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I'll try to answer some of the questions. The guys from Hensley suspect hitting a stump or large rock, neither of which is the case. I have bottomed out on a steep driveway, but it was years ago and I've had the hitch apart several time since then for maintenance. I've replaced the pins and brackets on the spring bars and the holes show minimal wear. My TV is a 3/4 ton Dodge and I do have a stinger with a big drop and raise the spring bars to the middle hashmark. I haven't gone to a scale with it. On this trip I did end up on a road in ND that was very rough (I was at 25MPH or less for 65 miles). I should be home tomorrow and will take the whole thing apart, clean and inspect. Then I can discuss at length with Hensley what I find. They have been very good to work with. If anyone is interested I'll have it at Alumafandango in a few weeks.
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Old 08-01-2012, 10:42 PM   #36
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My TV is a 3/4 ton Dodge and I do have a stinger with a big drop and raise the spring bars to the middle hashmark. I haven't gone to a scale with it.

I offer this as background:

I also have a 3/4T Dodge, and a vintage kin TT with an 8k GVWR. My attempts at getting proper WD are here, posts 41-55. In the 5,000-miles covered in calendar year '07 I was unable to "restore" FA and transfer adequate weight to the TT axles. While I don't mean to derail your thread, the question of how well the hitch "distributes" weight may come up in your discussions with Hensley, and seeing as how our rigs are similar it was not enough to repeat the comment from elsewhere that, (roughly)

" . . it may be that long-wheelbase 3/4 & 1T pickup trucks will not "restore" the FA weight as easily as shorter wheelbase, less stiffly sprung tow vehicles"

I was, at the time, using the dealer-installed Class IV hitch receiver (bolt on copy of the factory welded-on receiver), and I replaced it (a temporary upgrade) with a CURT Class V (the low cost, probable low quality brand) when I this year found un-repairable damage to that.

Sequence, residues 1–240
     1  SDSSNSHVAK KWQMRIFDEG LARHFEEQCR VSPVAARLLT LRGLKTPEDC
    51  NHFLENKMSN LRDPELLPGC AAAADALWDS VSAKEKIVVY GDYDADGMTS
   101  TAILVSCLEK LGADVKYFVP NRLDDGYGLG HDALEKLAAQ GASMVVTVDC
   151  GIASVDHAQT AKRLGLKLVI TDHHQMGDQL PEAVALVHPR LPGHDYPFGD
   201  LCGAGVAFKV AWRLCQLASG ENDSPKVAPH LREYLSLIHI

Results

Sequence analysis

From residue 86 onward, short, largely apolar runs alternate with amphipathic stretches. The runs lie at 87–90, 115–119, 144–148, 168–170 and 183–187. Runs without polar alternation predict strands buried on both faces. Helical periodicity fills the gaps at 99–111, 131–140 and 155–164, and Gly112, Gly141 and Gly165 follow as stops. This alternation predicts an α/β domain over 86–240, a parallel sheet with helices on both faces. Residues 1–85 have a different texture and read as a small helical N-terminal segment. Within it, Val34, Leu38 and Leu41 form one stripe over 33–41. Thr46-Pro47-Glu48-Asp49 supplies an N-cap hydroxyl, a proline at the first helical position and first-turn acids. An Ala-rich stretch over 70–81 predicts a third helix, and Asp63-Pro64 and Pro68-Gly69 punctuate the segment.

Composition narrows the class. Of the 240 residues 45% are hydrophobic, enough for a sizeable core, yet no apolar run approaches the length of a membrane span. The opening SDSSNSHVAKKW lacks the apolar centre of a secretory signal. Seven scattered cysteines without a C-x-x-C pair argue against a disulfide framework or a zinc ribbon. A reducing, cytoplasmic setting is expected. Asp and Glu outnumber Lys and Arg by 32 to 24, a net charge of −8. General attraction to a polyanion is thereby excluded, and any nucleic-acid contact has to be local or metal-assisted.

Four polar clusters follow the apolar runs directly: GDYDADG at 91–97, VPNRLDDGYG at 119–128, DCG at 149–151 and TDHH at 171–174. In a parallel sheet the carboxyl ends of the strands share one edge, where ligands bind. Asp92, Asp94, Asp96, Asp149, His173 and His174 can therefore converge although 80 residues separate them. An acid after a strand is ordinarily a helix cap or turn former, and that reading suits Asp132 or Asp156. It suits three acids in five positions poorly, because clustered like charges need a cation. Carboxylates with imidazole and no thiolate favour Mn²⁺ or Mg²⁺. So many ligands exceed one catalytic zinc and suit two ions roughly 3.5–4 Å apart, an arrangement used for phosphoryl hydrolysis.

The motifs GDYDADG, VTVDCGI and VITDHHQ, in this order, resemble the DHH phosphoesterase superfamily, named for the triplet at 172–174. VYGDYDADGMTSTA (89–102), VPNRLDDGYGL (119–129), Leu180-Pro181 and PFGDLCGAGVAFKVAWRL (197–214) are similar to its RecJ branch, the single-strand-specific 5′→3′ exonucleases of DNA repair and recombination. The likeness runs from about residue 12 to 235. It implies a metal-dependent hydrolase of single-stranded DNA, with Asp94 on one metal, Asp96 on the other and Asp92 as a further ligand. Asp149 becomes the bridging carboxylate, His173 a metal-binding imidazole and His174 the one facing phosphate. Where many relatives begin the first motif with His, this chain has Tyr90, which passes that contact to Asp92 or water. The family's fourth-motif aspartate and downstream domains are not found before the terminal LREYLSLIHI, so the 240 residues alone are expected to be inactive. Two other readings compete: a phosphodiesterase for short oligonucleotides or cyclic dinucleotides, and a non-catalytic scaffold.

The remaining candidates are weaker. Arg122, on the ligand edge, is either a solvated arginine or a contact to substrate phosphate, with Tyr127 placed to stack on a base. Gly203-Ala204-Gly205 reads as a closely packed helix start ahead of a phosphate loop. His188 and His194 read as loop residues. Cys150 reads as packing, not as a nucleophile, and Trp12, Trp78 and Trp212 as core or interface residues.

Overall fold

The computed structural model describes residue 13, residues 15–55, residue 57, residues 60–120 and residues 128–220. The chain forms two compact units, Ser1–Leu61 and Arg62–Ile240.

The "best" replacement would be the more robust, better designed TITAN
45299 with user reports on several Dodge forums as well as comparisons on design, etc.

While it has also been noted that even with some torsional twist by the hitch receiver that WD should be distributed given proper leverage on/by WD hitch adjustments, I want to take this weak link out of contention (also to pull other trailers the factory piece is too light to withstand).

I have also tried several stinger heights. An adjustable stinger (tilt) would give the leverage needed, I believe, even when the needed drop is five-inches, not six or four (the only ones on offer from H/A).

One can see some home-built pieces on the H/A Users Thread, and Sean Woodruff (Pro Pride) may be able to make one up if requested. This is still a possibility for me, but I am in favor of another hitch without this built-in shortcoming (among others).

Braking & steering are not as effective as when solo/laden when the nearly full TW is still resting on the RA when hitched and adjusted. I find this unacceptable.

Cranking the H/A to full leverage does not work when the stinger height, truck wheelbase/springs, and the need for a level trailer are in conflict at several points for some rigs. A great deal of unnecessary force is present on the RA due to this . . . would it have a contributory effect on the hitch head in question (is, again, the reason for this FYI as offered).

.
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Old 08-03-2012, 12:36 PM   #37
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The spring bar bushings on the ProPride are two independent bushings. They each bolt into the main unit separately. The bushing weld breaking on the Arrow bushing is the reason behind the change in the 3P.

As Steve noted we have also extended the bottom plate to beef up that area. There is A LOT of stress in that area when you distribute tongue weight.